The ECHR is not an appeal court in the way the Supreme Court is. Appeals procedures in both criminal and civil justice systems ensure that only the most significant and relevant cases, those likely to lead to a change in either the law or judicial process, reach the old Middlesex Guildhall for careful, lengthy and expert consideration.
But the ECHR is not an appeal court. With a backlog of over 150,000 cases, it is a Court of Special Pleading, grown from an Age of Entitlement. Wherever governments make rationing decisions - rationing Welfare housing, or access to tax-funded medical services, or tax-funded education - there will always be those unhappy with their ration, who want more. While national governments can ignore the whining of self-interest, the ECHR opens its doors to allow them to make a case as to why they should be treated differently to everyone else. Wherever governments design and deliver systems of criminal justice the ECHR opens its door to those who want better treatment than their fellow convicts, who want jury decisions overturned on grounds not forming part of their national law, who want special consideration and personal preferment. It stinks.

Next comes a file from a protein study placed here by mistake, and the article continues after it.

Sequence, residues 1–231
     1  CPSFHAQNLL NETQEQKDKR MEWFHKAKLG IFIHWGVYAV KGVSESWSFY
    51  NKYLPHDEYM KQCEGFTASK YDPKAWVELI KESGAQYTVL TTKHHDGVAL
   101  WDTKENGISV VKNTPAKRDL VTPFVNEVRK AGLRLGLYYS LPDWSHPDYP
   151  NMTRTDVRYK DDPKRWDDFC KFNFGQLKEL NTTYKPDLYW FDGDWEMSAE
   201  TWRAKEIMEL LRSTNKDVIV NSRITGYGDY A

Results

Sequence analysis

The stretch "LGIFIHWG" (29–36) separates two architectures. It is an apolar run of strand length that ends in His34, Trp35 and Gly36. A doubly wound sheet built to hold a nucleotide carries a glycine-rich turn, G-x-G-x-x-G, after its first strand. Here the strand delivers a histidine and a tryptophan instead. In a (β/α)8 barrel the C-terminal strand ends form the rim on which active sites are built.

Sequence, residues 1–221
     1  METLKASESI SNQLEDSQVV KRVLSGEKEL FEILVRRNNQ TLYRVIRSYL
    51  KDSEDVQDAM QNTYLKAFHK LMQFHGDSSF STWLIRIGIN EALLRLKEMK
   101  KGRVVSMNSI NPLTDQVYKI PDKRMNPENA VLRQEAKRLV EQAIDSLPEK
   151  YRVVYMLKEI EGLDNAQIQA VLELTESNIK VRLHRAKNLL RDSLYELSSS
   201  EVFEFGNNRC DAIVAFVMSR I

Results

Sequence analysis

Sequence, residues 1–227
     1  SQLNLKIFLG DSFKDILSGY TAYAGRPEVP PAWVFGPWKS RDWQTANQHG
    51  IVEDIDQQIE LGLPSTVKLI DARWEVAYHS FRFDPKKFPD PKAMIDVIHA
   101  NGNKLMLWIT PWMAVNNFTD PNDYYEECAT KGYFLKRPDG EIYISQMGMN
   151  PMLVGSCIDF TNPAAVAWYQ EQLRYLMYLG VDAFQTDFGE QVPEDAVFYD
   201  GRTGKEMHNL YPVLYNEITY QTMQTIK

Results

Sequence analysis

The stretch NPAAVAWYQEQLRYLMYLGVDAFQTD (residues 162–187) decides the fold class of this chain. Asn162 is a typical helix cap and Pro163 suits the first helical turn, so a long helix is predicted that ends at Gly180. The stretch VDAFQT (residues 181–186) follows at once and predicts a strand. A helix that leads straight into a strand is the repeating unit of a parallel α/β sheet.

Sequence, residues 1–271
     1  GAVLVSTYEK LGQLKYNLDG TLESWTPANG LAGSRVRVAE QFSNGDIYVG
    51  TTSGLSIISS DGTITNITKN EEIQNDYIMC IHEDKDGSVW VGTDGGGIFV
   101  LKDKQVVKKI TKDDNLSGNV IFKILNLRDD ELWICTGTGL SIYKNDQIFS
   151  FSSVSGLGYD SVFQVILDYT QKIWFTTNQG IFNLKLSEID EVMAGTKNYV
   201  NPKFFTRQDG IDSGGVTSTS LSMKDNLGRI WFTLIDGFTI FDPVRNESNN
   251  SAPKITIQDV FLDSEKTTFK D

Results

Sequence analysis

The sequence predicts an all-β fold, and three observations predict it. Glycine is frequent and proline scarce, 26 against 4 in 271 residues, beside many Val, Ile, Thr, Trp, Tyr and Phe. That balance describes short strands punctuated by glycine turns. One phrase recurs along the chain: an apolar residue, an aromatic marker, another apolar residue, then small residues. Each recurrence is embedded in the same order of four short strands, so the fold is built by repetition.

Don't mistake me; I think there is a role for a pan-national court to make recommendations to national governments to change their domestic laws. Scandinavian socialist eugenics, the birth-cradle of Nazism, Toynbee's Utopian Fabianopolis, gave us the compulsory sterilisation of the mentally retarded until the 1970s. However, the court's power should be limited to recommendation. Its decisions cannot be binding on democratic nations making their own legitimate decisions on the rationing of Welfare or the penalty for any particular crime.
We once had a Court of Special Pleading ourselves; called the Court of Requests it was empowered to make decisions at variance with the Common Law, to challenge the law. It eventually collapsed under the weight of backlog of cases, as everyone sought special pleading. The ECHR may be headed the same way.